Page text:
WHEREAS, with its commercial and recreational fisheries, mineral development, ports, pipelines, and potential for wind energy and aquaculture, Louisiana has the most heavily utilized and impacted coastal region in the country, and
WHEREAS, the amount of ocean activity will only increase offshore Louisiana as world needs for energy, food and international trade increases, and
WHEREAS, Louisiana’s commercial fishery annually ranks second in the U.S. in number of pounds landed and in value of catch landed, trailing only Alaska, and Louisiana’s coastal and offshore recreational fishery ranks among the best in the world, and
WHEREAS, the congressionally-created US Ocean Policy Commission set forth the need for a coordinated US ocean policy nationally, regionally, and at the state level in its final report: An Ocean Blueprint for the 21st Century (Ocean Blueprint), and
WHEREAS, the Ocean Blueprint stated that the nation’s coastal zones and oceans are suffering from polluted runoff, extensive coastal development, habitat loss, and overlapping regulatory jurisdictions, and
WHEREAS, the United States Government recognizes a 12 mile Territorial and a 200 mile Exclusive Economic Zone off its coasts as a generally accepted rule of International Law giving it control over resource exploitation, and
WHEREAS, although Louisiana currently has jurisdiction over state coastal waters out to 3 miles, it is likely that additional jurisdiction out to 12 miles will be ceded to the states by the federal government in the future, and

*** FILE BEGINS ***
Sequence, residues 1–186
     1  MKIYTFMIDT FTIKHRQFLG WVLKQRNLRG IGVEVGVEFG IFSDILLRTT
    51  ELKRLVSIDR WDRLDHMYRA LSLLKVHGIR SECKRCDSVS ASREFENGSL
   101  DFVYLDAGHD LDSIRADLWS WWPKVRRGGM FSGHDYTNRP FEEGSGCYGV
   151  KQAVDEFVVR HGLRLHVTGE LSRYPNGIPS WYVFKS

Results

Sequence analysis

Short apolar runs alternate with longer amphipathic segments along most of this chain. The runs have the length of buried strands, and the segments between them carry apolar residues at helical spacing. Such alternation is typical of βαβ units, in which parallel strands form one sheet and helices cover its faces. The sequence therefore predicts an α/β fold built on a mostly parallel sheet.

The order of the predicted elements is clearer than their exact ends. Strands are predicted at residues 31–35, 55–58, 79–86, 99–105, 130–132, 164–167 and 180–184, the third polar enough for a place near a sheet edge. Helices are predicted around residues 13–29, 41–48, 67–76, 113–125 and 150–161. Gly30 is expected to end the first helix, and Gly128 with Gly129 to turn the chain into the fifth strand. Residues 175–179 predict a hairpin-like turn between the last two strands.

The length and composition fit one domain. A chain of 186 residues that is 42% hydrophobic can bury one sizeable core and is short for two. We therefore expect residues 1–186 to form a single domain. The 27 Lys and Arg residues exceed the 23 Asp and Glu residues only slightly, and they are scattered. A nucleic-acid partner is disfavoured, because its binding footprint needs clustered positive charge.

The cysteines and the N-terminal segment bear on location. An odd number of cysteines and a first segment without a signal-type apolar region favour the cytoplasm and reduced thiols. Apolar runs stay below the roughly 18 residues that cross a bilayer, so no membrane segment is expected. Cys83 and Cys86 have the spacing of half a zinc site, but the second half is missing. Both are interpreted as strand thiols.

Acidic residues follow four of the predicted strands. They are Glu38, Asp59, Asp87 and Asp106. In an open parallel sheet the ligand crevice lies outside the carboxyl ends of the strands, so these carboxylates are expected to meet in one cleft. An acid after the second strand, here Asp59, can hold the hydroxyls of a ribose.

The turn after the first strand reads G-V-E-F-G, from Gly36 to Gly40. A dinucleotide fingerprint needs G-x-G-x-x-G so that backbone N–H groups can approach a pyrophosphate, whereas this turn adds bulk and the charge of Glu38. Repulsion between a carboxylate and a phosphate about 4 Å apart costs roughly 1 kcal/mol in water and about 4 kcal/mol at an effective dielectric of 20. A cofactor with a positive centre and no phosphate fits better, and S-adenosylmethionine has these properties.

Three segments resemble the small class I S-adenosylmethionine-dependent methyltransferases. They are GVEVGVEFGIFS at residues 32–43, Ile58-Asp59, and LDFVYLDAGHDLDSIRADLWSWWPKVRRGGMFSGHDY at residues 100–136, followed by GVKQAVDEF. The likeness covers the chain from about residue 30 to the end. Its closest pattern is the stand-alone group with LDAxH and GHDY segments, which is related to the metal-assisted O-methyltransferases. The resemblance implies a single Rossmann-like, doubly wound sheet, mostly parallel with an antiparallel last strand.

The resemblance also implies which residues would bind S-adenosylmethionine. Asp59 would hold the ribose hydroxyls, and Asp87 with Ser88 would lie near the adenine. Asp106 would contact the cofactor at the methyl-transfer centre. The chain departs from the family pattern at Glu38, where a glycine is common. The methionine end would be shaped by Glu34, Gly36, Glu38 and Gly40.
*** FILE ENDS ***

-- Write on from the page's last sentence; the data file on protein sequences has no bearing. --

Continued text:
WHEREAS, the probability of an expanded territorial sea has motivated 13 US ocean states to develop or be in the process of developing state comprehensive ocean policy documents, among them Florida, North Carolina, Massachusetts, Alaska and California, often through ocean resource management improvement funding pursuant to Section 1456 (b) of the federal Coastal Zone Management Act, and
WHEREAS, Louisiana should follow the lead of its sister states in embarking on the development of a comprehensive, coordinated Louisiana Ocean Policy for the next 2 decades.
THEREFORE BE IT RESOLVED that the Louisiana Wildlife Federation (LWF) urges the Governor and Legislature to establish a committee or other appropriate task group to research and draft a comprehensive state ocean policy.
BE IT FURTHER RESOLVED that LWF urges that such Louisiana Ocean Policy work group be comprised of stakeholders including representatives of pertinent government and non-government organizations, industries, businesses and members of the academic community with ocean law and policy expertise and that Louisiana ocean resource management enhancement funds be obtained under Section 1456 (b) of the federal Coastal Zone Management Act and other appropriate funding sources to support this work.
Adopted by the Louisiana Wildlife Federation in Convention Assembled, March 16, 2008 in New Iberia, Louisiana.